Rated 5 out of 5 by from Viva Verdi! And Viva Greenberg! I have enjoyed several of Prof. Greenberg's music courses. This one is the best so far. He clearly loves Verdi's music and communicates his passion for it in his inimitable style. We are treated to a fascinating account of Verdi's long life and musical career - rich in anecdotes and well chosen quotations from letters, diaries and other contemporary documents (Verdi's observations about Wagner - in annotations he made to his personal copy of the score of 'Lohengrin' - made me laugh out loud) - together with a large number of extracts from "Joe Green's" greatest hits. Two operas are analysed in considerable detail, 'Rigoletto' (Verdi's first operatic masterpiece written when he was only 36, but his 17th opera) and 'Falstaff' (Verdi's last opera - an extraordinary acheivement for a man of 80) - 'Otello' (Verdi's penultimate opera and one of the great masterpieces of music drama) is, as Prof. Greenberg points out, covered in depth in his "How to Listen to and Understand Opera" course (which I have also reviewed and recommend). We also have the benefit of Prof. Greenberg's analysis of Verdi's great Requiem Mass - rejected by the Catholic Church as being too theatrical, but as the good professor points out, Pope Pius X waited until after Verdi's death before declaring the work to be unsuitable for performance in Church. Highly recommended.
Date published: 2009-04-03
Rated 5 out of 5 by from A Grand Slam I have listened to about 12 SETS of lectures by the Teaching Co. This one was the most impressive. I am now a Verdi junkie. I think Prof Greenberg's style is pefect- but, then, I am his age and from the same city. Awesome. I recommend the DVD version, though the CD version should suffice..
Date published: 2009-03-10
Rated 4 out of 5 by from Less Levity Please "Prof. Greenberg is a wealth of information and knows his topic thoroughly. The content was interesting and his mixture of private and public Verdi helped to understand the composer. On the flip side, the funny voices, bad jokes, and sometimes too much 'dumbing down' of the topic, geared to keep an adolescent's interest were annoying. I found myself continually yelling at the cd player-to no avail of course. He has done a number of programs, so he is a favorite among the lecturers, and I am apparently in the minority. I will give another of his courses a try and see if this presentation is the exception to the rule. I hope so. It would be a shame for me to miss out on his vast knowledge."
Date published: 2009-01-27
Rated 5 out of 5 by from ONE OF PROF. GREENBERG'S VERY BEST If you knew Verdi like he knows Verdi--you wouldn't need this course. But if you are an opera lover and adore Verdi's music but don't know much about him and his impact upon Italy--grab this course. Prof. Greenberg makes the operas come alive with his narrative, and all the key Verdi operas are included. Verdi was a very great man, a musical genius, and a humanitarian. This is a beautiful course from start to finish.
Date published: 2009-01-25
Rated 5 out of 5 by from One fo the Great Music Courses If you love opera, this is a great set. If you're not sure about Opera and want a more thorough general grounding, try out How to Listen to and Understand Opera, or perhaps better yet, The Operas of Mozart. First of all, Prof. Greenberg's opening lecture on Italy makes the entire course worthwhile. Prof. Greenberg loves Italy and all things Italian. As for Verdi, I was trying to get my wife into opera, especially since I had planned a trip to Vienna over Christmas and New Year's of 2007. (We saw Rossini's Barber of Seville and Mozart's The MAgic Flute.) We received free tickets to attend Verdi's Don Carlo presented by the San Francisco Opera and I had her listen to Prof. Greenberg's two lectures on Don Carlo. It helped her enjoy what was an average production (she also enjoyed dressing up.) Prof. Greenberg also helps you understand why so many of the famous opera arias you always hear are so often Verdi's.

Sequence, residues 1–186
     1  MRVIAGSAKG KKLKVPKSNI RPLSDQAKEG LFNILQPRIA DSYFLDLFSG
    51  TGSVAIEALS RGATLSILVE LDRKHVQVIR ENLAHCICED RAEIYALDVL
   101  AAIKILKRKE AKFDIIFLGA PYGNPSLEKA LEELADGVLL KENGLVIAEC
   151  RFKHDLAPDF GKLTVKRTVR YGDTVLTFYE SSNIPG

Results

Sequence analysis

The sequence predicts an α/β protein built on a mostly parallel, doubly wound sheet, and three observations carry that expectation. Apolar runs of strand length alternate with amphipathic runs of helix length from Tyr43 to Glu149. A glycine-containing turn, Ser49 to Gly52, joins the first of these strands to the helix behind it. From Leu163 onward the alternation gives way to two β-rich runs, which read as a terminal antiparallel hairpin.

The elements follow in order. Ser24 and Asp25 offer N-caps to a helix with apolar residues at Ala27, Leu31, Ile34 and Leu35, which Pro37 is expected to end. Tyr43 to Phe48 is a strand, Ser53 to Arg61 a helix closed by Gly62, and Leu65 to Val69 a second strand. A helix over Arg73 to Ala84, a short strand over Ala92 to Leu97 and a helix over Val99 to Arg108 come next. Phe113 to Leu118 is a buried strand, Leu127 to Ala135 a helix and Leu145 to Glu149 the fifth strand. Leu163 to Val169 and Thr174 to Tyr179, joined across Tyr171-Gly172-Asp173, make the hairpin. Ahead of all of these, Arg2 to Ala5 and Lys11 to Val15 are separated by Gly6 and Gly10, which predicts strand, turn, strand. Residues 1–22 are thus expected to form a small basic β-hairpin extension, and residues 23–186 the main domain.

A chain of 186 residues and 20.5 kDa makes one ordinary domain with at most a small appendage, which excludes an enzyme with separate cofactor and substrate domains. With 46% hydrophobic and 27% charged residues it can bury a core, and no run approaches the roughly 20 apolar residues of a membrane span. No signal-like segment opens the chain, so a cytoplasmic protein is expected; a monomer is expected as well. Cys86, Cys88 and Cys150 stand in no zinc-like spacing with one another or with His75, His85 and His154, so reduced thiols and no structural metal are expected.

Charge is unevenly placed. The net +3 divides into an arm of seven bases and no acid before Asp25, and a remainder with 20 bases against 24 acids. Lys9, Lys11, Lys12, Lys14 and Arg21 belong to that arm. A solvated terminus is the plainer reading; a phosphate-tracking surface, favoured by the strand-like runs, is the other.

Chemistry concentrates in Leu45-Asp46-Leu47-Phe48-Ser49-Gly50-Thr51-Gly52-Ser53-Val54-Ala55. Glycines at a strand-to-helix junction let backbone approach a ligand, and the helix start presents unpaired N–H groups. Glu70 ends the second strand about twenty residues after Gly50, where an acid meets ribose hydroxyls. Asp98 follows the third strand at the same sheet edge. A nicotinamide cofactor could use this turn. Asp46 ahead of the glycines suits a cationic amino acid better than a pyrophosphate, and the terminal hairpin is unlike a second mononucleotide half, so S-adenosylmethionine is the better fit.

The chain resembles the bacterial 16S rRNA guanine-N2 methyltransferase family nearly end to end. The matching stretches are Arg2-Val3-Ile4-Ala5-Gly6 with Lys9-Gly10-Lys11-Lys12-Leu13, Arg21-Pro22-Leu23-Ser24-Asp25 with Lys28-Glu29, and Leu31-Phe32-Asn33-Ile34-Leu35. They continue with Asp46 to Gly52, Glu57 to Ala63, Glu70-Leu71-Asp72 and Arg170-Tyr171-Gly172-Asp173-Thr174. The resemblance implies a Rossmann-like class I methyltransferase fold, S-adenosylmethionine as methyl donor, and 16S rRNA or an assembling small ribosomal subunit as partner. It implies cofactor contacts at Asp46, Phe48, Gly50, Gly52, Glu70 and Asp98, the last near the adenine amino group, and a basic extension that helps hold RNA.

Date published: 2009-01-19
Rated 5 out of 5 by from Professor Greenberg is always a pleasure Humorous, witty and compassionate telling of Verdi's fascinating life- I had no idea it was so full of drama! This is an ideal course to have playing in the car during your otherwise long and monotonous commute to work.
Date published: 2008-12-28
Rated 5 out of 5 by from yes, Professor Greenberg is on excellent teacher. His passion for the subject and his wonderful sense of humor made for a very enjoyable learning experience. I've enjoyed many of his courses.
Date published: 2008-10-17
Rated 4 out of 5 by from There was too much emphasis on Verdi's life and trivia- wanted more on the music.
Date published: 2008-10-17
Rated 5 out of 5 by from I have a lifetime love of music and prof. Greenber has expanded my knowledge beyond measure in an informative and fun way.
Date published: 2008-10-17
Rated 5 out of 5 by from One or two of the courses I've had included study questions - these are very helpful - and I would suggest that more questions be added
Date published: 2008-10-17
Rated 5 out of 5 by from Prof. Greenberg does his usual excellent job, bringing classical music alive to the listener. At 32 lectures long, this course was too short!
Date published: 2008-10-17
Rated 5 out of 5 by from Prof. Greenberg's courses always exceed my expectations. Consistently entertaining and informative, all at the same time! A sheer delight!
Date published: 2008-10-17
Rated 5 out of 5 by from I have all Prof. greenberg's courses & I think this was the best yet. As usual, he was extremely informative & enthusiastic.
Date published: 2008-10-17
Rated 5 out of 5 by from Dr. Greenberg YES! YES! The very best listening and learning experience.
Date published: 2008-10-17
Rated 5 out of 5 by from Dr. Greenberg has done it again! His passion, knowledge and wit have made me fall in love with Giesseppi Verdi and his operas!
Date published: 2008-10-17
Rated 5 out of 5 by from Professor Robert Greenberg's courses on Opera, Verdi, and Great Masters provided an exciting remedy for the music survey course that I never managed to schedule in college.
Date published: 2008-10-17